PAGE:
The process of opening up the small-scale financial sector was supported in its early years by UNDP. . Subsequently, the United States Agency for International Development (USAID), Mercy Corps . (an international NGO very active in Mongolia . since 1998) and other multilateral and bilateral . donor agencies became involved as they recognized that microcredit was an idea whose time had come in Mongolia.

Poverty was and still is a major challenge

to Mongolia, with more than a third of the people living below the poverty line.

Supporting Transformational Change 19


By 2001 this broadly supported NBFI consortium had become the XacBank, an independent commercial bank, operating on a market basis. As the banking and finance sector opened up, others joined the sector, so that by 2005 there were . 17 banks, 126 NBFIs and 270 cooperative savings and credit associations. So rapid was the growth that a UNDP evaluation at that time openly fretted that the microcredit market in Mongolia was in . danger of becoming saturated. It has not all been plain sailing for the rapidly expanded microfinance sector: ensuring adequate regulation of the many entrants into the new sector has been difficult for the government. . It has also been a challenge to ensure a realistic commercial rate of interest, so as both to reflect . the higher risk of loans and to ensure broad . access to the financial instruments being offered. These are characteristic birth pangs of most microfinance programmes. Expanding this access to credit services across Mongolia’s rural areas has also been difficult in terms of transaction costs, a difficulty which is

What is Microfinance? Microfinance includes a wide range of financial services – credit, insurance, transfers – targeted towards lowincome people. While it is not always used for productive investment, it nonetheless helps poor people cope with the uncertainty of their income flow, in relation to unexpected emergencies of various sorts. In doing so, it provides an important means of human security and social protection, as well as economic opportunity and an individual’s sense of controlling ones destiny. Microcredit is an important element of a poverty reduction programme, but it is not a silver bullet. Complementary programmes in social services and social protection are equally important.

20 Supporting Transformational Change

currently being addressed through the use of mobile banking services. Accessibility has been and will remain a particular challenge for Mongolia, which has one of the most dispersed rural populations in the world, with a rural population density of just 2 people per km. UNDP’s own support successfully concluded in 2001. The nationally driven momentum had . already taken over by then and is continuing. to this day. Significant financial resources come on stream, including from the private sector, and national institutions demonstrating their ability . to carry the sector forward, while addressing its many challenges. Once a beneficiary of the UNDP project, XacBank has become an implementation partner of UNDP in Mongolia. From 2006 to 2008 XacBank was a partner financial institution of UNDP to provide low-interest loans to UNDP-assisted small and . micro entrepreneurs under the Enterprise . Mongolia Project. Currently, XacBank and UNDP work together to introduce energy-efficient housing to poor households through a XacBank mortgage programme.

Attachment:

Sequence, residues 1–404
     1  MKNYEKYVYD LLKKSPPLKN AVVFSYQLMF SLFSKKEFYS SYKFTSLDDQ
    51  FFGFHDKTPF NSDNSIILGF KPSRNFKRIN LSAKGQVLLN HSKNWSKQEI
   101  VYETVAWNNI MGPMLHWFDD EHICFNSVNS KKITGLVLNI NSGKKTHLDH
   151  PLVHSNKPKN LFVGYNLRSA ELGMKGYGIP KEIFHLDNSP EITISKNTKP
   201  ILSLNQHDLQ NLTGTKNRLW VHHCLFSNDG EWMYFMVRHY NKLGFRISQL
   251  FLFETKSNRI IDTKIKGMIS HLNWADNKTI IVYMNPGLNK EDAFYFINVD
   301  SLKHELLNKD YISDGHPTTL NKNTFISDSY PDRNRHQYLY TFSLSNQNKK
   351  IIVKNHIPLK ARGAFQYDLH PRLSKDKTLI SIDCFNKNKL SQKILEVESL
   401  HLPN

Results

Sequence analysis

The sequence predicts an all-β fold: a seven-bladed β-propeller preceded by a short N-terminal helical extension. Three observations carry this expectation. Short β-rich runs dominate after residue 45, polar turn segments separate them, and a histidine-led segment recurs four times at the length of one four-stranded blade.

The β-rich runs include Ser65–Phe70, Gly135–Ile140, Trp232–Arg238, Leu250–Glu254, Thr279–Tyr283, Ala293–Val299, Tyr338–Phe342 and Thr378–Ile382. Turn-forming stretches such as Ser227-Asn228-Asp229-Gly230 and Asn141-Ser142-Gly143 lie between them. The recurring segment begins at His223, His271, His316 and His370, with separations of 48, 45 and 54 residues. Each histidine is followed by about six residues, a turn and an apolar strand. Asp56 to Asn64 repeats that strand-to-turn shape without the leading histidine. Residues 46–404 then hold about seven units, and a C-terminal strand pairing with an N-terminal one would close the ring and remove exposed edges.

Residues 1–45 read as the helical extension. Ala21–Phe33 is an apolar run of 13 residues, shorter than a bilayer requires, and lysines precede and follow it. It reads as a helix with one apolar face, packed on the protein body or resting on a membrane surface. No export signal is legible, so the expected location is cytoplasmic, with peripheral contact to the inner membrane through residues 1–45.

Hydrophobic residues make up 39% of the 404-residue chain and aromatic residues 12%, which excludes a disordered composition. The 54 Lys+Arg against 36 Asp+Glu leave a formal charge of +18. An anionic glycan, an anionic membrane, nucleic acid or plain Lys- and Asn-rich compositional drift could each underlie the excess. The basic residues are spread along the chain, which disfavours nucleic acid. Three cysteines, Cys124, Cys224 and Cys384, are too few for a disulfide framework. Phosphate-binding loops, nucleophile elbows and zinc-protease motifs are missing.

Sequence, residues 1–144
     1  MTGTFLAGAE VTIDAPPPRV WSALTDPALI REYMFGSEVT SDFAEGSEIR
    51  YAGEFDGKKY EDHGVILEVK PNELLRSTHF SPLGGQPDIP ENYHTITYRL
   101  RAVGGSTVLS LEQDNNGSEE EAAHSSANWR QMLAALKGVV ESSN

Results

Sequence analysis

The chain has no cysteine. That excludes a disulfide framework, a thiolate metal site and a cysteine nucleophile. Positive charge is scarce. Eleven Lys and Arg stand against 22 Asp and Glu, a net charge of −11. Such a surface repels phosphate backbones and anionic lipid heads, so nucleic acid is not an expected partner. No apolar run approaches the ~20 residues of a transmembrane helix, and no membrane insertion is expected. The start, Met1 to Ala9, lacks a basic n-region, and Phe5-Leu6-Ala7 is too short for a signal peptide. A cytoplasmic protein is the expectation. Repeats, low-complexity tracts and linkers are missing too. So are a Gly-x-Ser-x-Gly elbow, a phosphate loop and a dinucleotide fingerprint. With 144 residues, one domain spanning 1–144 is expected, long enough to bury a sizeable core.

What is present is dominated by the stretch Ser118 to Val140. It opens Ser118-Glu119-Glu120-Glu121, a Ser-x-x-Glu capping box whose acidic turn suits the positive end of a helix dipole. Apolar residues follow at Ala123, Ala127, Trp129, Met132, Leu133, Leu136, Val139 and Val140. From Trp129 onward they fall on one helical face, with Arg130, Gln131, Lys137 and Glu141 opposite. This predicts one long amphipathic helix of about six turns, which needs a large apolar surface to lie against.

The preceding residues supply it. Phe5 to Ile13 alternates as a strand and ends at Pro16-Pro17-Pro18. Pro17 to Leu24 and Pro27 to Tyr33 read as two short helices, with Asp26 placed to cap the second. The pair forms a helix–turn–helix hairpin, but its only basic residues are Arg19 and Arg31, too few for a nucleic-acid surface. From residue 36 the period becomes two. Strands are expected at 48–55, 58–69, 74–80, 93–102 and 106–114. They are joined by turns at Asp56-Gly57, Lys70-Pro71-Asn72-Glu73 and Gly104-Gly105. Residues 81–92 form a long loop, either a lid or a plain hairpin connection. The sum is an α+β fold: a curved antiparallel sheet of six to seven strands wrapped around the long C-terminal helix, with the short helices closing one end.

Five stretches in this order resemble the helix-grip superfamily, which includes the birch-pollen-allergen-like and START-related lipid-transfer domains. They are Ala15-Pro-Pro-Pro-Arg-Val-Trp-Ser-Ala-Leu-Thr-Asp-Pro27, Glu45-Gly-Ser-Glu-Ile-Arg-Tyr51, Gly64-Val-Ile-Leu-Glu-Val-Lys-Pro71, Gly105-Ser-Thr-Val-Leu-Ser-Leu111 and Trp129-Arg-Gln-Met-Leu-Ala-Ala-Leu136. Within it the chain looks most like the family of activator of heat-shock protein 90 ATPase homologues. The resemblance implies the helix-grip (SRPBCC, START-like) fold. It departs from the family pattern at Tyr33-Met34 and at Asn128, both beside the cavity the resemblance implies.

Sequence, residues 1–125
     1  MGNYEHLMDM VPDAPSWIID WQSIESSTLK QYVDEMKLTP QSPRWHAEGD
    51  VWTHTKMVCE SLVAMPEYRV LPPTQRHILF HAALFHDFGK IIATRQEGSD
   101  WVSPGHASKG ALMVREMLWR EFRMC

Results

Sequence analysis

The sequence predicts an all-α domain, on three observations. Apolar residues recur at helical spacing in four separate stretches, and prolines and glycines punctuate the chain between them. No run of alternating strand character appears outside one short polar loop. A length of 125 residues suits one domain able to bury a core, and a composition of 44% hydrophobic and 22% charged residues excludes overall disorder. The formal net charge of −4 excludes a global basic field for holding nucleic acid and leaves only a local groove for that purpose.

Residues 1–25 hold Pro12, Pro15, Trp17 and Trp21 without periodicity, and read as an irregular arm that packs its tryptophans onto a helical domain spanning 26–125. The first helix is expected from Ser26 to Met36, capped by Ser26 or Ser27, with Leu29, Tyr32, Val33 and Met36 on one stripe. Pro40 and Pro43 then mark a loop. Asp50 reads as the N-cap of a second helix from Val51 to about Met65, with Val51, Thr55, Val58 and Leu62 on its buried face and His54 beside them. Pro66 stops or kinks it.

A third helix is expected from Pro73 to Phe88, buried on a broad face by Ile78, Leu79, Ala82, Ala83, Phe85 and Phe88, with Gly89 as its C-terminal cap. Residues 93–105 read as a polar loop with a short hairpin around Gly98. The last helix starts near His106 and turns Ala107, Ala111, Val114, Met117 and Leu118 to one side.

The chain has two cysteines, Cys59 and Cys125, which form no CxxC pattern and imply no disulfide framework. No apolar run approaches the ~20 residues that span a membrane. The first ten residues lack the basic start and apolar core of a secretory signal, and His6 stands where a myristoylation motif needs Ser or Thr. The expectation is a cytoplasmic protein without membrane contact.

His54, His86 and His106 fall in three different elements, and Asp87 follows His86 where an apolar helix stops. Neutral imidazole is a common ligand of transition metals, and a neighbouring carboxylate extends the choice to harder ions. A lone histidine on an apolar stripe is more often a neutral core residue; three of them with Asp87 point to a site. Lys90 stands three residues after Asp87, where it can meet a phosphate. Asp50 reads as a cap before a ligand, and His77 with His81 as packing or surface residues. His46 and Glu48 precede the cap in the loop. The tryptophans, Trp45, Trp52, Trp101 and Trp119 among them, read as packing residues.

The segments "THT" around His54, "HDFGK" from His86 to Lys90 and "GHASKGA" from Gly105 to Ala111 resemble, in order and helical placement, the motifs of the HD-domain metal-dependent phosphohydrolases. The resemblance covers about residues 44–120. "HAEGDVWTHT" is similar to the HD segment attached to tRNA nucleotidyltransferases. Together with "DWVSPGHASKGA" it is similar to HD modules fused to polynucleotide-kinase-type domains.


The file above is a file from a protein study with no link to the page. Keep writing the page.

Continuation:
Making a difference: the transformational impact UNDP is proud to have been there at the start, supporting dynamic and far-sighted Mongolian managers and policy makers to create a sustainable microfinance institution and transformational policies for the financial sector more generally. From UNDP’s pioneering investment in microfinance in 1997 Mongolia has come a long way. Although still a work in progress, there is little doubt that it has transformed the lives of many tens of thousands of Mongolians, both by creating economic opportunities for them, as well as by helping to insulate them from the many uncertainties of life in a competitive market


economy. By providing access to financial resources in the turbulent time of transition to a market economy, Mongolians were able to unleash their entrepreneurial talents to create a better future for themselves and their families.

In September 2009 XacBank launched its Eco Products Programme, offering low-interest loans for energy-related products to poor clients in the country. The intention is to enable Mongolian households to lower their fuel costs, breathe cleaner air and stay warm in the long winter months. This has enabled XacBank to receive carbon credits for its work, apparently the first such award of its kind. All these new programmes illustrate the dynamism of the bank and its ability and willingness to develop its products in line with the client and national needs.